Science and Technology Based Regional Entrepreneurship
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Science and Technology Based Regional Entrepreneurship

Global Experience in Policy and Program Development

Edited by Sarfraz A. Mian

Providing a global survey of public policies and programs for building national and regional ecosystems of science and technology based entrepreneurial development, this book offers a unique analysis of the advances, over the last several decades and in light of the experiential knowledge gained in various parts of the world, in the understanding of innovation systems in the pursuit of developing these economies. Presenting nineteen case studies of diverse developed and emerging economy nations and their regions, more than thirty expert authors describe an array of policy and program mechanisms that have been implemented over the years.
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Chapter 19: The South African Science, Technology and Innovation Environment and its Impact on Entrepreneurial Development

Gideon Maas and Sandra Musengi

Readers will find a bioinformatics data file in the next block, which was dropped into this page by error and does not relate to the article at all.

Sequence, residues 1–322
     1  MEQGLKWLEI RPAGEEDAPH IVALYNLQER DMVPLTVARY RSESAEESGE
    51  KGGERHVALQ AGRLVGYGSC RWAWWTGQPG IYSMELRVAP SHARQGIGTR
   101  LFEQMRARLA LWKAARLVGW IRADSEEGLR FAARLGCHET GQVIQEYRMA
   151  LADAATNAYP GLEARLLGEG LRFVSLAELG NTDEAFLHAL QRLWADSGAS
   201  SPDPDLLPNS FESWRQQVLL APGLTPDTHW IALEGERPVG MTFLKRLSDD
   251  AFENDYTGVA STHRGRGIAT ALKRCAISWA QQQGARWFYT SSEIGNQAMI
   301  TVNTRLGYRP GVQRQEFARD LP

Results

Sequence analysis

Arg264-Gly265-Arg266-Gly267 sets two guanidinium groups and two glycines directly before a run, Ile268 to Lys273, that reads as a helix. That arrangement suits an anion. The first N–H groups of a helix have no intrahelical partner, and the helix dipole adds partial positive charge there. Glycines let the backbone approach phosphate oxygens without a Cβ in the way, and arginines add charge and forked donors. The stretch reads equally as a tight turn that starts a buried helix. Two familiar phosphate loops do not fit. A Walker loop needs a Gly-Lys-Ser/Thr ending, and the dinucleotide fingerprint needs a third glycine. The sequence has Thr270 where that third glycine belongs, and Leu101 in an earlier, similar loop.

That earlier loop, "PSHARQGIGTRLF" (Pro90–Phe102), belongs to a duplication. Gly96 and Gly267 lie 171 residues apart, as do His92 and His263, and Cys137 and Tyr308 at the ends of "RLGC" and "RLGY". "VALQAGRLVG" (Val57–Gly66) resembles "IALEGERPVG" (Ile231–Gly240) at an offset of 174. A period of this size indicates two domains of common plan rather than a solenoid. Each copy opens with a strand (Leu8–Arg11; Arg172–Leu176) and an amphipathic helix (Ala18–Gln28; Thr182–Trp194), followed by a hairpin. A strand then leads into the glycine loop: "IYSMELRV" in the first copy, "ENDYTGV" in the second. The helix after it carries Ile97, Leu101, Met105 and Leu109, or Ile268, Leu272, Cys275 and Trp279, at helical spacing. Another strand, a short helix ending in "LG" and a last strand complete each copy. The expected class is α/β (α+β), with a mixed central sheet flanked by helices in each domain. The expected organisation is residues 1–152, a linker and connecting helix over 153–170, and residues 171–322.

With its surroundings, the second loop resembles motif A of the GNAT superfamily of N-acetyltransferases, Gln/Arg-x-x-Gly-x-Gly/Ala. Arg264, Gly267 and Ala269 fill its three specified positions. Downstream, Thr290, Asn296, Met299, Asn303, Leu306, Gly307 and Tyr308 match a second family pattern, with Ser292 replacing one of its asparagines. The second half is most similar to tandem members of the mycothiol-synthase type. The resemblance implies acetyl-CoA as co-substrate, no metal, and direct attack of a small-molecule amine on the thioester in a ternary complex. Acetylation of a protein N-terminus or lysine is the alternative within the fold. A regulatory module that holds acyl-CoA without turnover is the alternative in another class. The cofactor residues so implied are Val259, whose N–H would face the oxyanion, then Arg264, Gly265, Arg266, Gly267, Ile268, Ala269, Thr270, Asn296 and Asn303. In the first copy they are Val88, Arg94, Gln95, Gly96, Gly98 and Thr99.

Gideon Maas and Sandra Musengi INTRODUCTION The South African environment is characterized by various paradoxes. These include, among others, a positive economic growth of 2.8 per cent forecasted for 2010 on the one hand and official unemployment of more than 24.3 per cent on the other hand (The Economist, 2010); a well-developed business infrastructure versus areas of extreme poverty; three well-developed growth poles versus rural areas fighting for survival. Table 19.1 highlights these paradoxes in South Africa, which is affected by the needs of a relative young population within a country where a skills shortage exists. It has been consistently put forward that South Africa is characterized by diverse economic realities commonly referred to as the first, second and transformation economy, each of which necessitate different approaches. In such an environment, it is extremely difficult to provide a policy for science and technology (S&T) development that will satisfy the needs of all entrepreneurs. A policy focusing on the first economy (e.g. establishment of incubators focusing only on the development of high-tech products) would not be appropriate for the second economy given that the emphasis would most likely be on the development of technology that can support socioeconomic development in general compared to the development of high-tech products. It is indeed a challenging situation for a government in which lessons from developed countries cannot merely be replicated within the South African context. Promoting S&T in South Africa within such a challenging environment can be a daunting task. To create...

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